“When do you cement yourself into a certain strategy?”

It’s an interesting question, but a hard one to answer since it’s highly dependent on the format. On top of that, each draft is unique, and blanket rules aren’t that useful in Magic.

In general, you should make each pick with a degree of flexibility, and even after locking in colors you should be willing to consider a shift in archetype as late as pack three. However, some drafts are successful by finding a focused strategy in the first few picks while others are better served staying flexible, and that got me thinking about why.

Power/Depth

While individual drafts have their own unique power levels depending on print runs and what was opened, some formats are naturally more powerful than others. In underpowered or “shallow” formats with a high variance between the top and low end, the emphasis is on getting enough playables. Every draft is kind of like facing a bad Sealed pool and saying “OK, what can I do with this?” Avacyn Restored was a good example of a format like that, where everyone’s 18-23 cards were vaguely unplayable and the real trick was making them do something, making them look good in the context of the rest of the deck. Cards that could turn an awful card into a good one, like Homicidal Seclusion or Stonewright, overperformed.

In older formats, Fireball was so above the curve in power that people would always take it, and if they weren’t red then they’d throw it in their deck anyway as a splash on an 8-7-2 or 7-7-3 mana base. Fireball is still a great card, but it’s no longer unpassable, and the average card quality has improved to the point where the consistency of your deck matters more and splashing without fixers is much worse. The better your opponent and the better their deck, the more likely they are to punish a stumble, and the less time your mana has to fix itself.

In formats with a higher overall power level, or “deep” formats, you can get away with picking more linear cards early on, and worry less about getting enough playables. Cube is the ultimate of these formats. There’ll still be cards that stand out as bombs within individual Cubes, but for the most part all the cards are good.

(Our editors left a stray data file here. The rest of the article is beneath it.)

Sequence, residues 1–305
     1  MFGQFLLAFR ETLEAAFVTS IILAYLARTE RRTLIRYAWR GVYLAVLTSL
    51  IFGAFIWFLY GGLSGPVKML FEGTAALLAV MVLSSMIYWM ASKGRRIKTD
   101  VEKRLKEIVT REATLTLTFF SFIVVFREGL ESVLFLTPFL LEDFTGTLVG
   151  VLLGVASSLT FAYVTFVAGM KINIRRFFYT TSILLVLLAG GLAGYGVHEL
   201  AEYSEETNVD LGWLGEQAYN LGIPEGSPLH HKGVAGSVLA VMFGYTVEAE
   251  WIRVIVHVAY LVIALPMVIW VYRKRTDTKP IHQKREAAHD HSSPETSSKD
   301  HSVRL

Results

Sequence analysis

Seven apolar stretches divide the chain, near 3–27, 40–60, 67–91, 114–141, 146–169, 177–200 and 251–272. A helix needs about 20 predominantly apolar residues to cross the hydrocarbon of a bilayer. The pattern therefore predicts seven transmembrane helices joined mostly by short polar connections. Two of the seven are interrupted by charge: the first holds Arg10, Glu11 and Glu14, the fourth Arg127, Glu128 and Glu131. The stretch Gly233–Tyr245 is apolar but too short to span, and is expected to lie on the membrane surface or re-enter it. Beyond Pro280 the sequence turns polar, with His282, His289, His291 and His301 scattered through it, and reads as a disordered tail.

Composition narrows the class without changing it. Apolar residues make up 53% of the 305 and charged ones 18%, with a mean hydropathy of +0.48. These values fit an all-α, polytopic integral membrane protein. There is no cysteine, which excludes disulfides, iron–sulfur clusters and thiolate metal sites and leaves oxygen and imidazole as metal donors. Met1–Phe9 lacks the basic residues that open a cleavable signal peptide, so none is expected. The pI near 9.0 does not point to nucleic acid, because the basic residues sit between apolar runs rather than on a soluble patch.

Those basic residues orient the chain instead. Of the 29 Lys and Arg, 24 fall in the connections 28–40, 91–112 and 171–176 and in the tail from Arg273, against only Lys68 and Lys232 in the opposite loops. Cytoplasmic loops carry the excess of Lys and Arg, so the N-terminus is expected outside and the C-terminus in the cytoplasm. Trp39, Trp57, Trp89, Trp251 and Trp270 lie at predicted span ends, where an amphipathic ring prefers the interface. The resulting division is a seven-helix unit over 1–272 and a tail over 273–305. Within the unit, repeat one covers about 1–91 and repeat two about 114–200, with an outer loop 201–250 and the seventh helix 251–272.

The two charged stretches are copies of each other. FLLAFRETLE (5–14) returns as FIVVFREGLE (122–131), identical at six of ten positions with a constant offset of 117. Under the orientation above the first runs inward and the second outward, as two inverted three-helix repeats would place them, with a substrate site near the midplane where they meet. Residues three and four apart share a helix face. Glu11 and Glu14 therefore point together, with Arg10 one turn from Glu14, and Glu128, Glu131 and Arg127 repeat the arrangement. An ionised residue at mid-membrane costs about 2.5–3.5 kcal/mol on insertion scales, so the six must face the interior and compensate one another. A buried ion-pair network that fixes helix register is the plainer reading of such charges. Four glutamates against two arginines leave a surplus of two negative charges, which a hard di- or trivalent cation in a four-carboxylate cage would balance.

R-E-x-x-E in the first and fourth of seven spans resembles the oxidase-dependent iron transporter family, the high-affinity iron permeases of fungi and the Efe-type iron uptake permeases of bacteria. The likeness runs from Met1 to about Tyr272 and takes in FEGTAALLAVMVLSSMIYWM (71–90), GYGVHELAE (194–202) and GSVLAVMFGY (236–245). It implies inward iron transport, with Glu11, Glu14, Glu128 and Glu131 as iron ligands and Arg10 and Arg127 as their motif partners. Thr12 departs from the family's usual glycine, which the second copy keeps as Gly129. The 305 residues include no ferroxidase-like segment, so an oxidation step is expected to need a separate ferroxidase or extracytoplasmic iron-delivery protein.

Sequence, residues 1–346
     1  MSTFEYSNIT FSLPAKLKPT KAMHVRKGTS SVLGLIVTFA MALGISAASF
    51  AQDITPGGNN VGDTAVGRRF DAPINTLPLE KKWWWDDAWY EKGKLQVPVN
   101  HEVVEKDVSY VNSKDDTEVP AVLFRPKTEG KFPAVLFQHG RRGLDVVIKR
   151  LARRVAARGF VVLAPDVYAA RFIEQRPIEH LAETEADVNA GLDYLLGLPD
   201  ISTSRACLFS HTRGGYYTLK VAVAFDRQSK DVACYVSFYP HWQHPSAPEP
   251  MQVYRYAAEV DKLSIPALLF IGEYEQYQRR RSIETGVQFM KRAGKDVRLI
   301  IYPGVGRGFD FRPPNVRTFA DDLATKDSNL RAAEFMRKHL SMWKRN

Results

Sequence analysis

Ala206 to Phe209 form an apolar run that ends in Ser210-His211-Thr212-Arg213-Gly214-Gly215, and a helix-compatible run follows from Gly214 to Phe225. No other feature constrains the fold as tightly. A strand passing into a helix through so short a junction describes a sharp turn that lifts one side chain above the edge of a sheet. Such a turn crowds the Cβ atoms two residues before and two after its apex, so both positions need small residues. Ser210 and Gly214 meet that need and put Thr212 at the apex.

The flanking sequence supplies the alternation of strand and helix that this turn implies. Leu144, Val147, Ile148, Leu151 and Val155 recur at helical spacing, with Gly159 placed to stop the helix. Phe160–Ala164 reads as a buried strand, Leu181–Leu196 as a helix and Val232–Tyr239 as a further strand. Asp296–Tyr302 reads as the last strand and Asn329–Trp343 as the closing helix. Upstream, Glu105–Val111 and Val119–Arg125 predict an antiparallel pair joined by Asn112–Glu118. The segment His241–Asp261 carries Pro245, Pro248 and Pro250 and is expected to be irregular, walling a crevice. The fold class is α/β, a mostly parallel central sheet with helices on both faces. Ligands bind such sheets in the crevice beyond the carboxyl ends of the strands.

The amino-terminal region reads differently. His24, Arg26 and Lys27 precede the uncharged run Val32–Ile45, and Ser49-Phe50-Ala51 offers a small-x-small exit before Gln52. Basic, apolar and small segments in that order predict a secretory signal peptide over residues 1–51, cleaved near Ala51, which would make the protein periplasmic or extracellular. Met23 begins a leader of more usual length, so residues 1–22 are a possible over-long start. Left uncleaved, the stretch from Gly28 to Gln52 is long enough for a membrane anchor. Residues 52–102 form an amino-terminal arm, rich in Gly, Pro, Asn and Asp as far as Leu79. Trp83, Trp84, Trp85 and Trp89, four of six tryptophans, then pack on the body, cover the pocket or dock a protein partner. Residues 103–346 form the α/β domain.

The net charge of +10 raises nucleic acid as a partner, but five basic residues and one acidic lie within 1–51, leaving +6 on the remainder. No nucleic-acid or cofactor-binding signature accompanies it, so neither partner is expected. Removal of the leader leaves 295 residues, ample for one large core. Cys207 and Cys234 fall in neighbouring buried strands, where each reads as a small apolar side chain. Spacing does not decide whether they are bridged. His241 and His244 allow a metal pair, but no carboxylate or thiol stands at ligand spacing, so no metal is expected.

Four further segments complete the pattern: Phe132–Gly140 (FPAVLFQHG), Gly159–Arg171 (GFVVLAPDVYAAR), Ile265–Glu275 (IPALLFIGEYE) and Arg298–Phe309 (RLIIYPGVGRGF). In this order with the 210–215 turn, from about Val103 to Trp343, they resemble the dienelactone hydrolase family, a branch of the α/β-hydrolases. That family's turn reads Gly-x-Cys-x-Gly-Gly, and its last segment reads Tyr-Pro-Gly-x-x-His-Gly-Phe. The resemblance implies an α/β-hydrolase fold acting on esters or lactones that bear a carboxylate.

In Cube, I have no problem pack-1-pick-1’ing a color-intensive card like Geralf’s Messenger because it’s not going to trap me. In the first four picks or so, I’m going to figure out if black is open and then I’ll either have one of the best 3-drops or I’ll move on with my life—the loss of an individual pick or three is not a big deal, and the emphasis should be on building a coherent deck.

Archetype Variety

The best-case scenario is that whatever card you pack-1-pick-1 is insane and that color is open and you build a sweet deck with no filler. The second-best case is that that color isn’t open, but you realize it quick-like and switch into colors that are, building a great deck anyway and running the table. The third option is much worse, and it involves getting wedded to your first pick and train-wrecking while you force a strategy that just wasn’t available.

In general, staying open early on will give you more information when you pull the trigger on what archetype you want to be, and flexible cards like Lightning Bolt or Doom Blade will tend to be better picks. Still, I’ve come to appreciate taking archetype-specific cards early. Not only do they give me direction from the get-go and inform my draft, they also keep me from getting wedded to my early picks, as it’s obvious to see if something isn’t open. It’s not as hard to abandon a Zurgo Bellstriker as it is a Roast. It’s possible this is me playing around my own weaknesses as a player, and not applicable to everyone.

Signals are more than just colors, they’re also archetype-specific. You can have two white drafters cooperatively draft next to each other if one of them is drafting white control and the other one is drafting WW because the WW player needs to spend picks filling out the early part of his curve with aggressive threats—something the control player doesn’t value.

Draft Size

The size of the draft isn’t talked about much because for the most part everyone plays 8-mans, but when it comes up it certainly matters.

Sometimes, a shop overbooks a draft and you’ll end up with something strange like 10 people to a table. In those situations, more cards are being opened and the decks gain in power, bringing things closer to Cube where it matters less what colors you’re in so much as what you’re doing with those colors (deck coherence).

As you lower the number of players, you lower the number of cards opened and with it the number of playables for each individual strategy. The fewer the players, the better it becomes to take the best cards regardless of color and cobble together some 4- or 5-color abomination. After you scoop up the premium bombs, removal, and value cards you can focus the rest of your picks on fixing while everyone else scrambles to get enough playables. With fewer cards, the decks get worse, which means games go longer and your mana will have more time to fix itself. On top of that, smaller drafts increase the effectiveness of hating cards from your neighbors. If you’re 4v4’ing, hating a card impacts 1/4 or 25% of your opponent’s decks and thus possible wins. If you’re 2v2’ing, it hits a full 50%.